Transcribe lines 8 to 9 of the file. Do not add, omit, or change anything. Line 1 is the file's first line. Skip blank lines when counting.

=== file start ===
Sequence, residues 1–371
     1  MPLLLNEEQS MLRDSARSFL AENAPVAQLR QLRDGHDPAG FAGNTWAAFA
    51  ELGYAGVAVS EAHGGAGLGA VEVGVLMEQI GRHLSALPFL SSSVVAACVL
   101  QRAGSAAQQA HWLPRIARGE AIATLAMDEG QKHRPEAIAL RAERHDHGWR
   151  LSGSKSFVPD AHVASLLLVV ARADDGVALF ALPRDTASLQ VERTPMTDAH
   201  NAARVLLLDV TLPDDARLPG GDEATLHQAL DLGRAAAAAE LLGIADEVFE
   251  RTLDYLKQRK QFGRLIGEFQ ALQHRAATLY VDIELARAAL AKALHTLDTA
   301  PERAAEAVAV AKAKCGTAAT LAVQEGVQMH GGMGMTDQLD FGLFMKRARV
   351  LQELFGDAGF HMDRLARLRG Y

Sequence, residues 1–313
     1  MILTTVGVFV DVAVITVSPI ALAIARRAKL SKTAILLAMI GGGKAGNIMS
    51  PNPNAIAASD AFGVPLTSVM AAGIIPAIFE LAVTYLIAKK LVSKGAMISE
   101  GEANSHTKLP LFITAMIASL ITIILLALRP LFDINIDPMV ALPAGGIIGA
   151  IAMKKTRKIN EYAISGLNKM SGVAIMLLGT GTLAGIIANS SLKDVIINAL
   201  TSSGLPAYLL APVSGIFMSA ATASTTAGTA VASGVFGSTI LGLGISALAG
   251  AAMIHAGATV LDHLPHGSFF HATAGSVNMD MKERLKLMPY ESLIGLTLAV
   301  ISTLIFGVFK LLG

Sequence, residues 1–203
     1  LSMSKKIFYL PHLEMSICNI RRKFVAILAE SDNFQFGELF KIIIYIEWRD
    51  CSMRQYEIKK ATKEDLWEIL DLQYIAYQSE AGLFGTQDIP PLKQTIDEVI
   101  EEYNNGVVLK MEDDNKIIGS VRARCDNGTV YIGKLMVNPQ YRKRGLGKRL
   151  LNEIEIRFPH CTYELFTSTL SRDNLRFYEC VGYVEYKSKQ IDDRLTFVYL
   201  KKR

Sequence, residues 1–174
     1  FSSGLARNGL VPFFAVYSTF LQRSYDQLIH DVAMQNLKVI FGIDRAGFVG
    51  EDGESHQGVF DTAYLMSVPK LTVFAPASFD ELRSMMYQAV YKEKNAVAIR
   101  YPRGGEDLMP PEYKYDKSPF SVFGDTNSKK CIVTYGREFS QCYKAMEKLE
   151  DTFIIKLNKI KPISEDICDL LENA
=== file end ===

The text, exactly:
   301  PERAAEAVAV AKAKCGTAAT LAVQEGVQMH GGMGMTDQLD FGLFMKRARV
   351  LQELFGDAGF HMDRLARLRG Y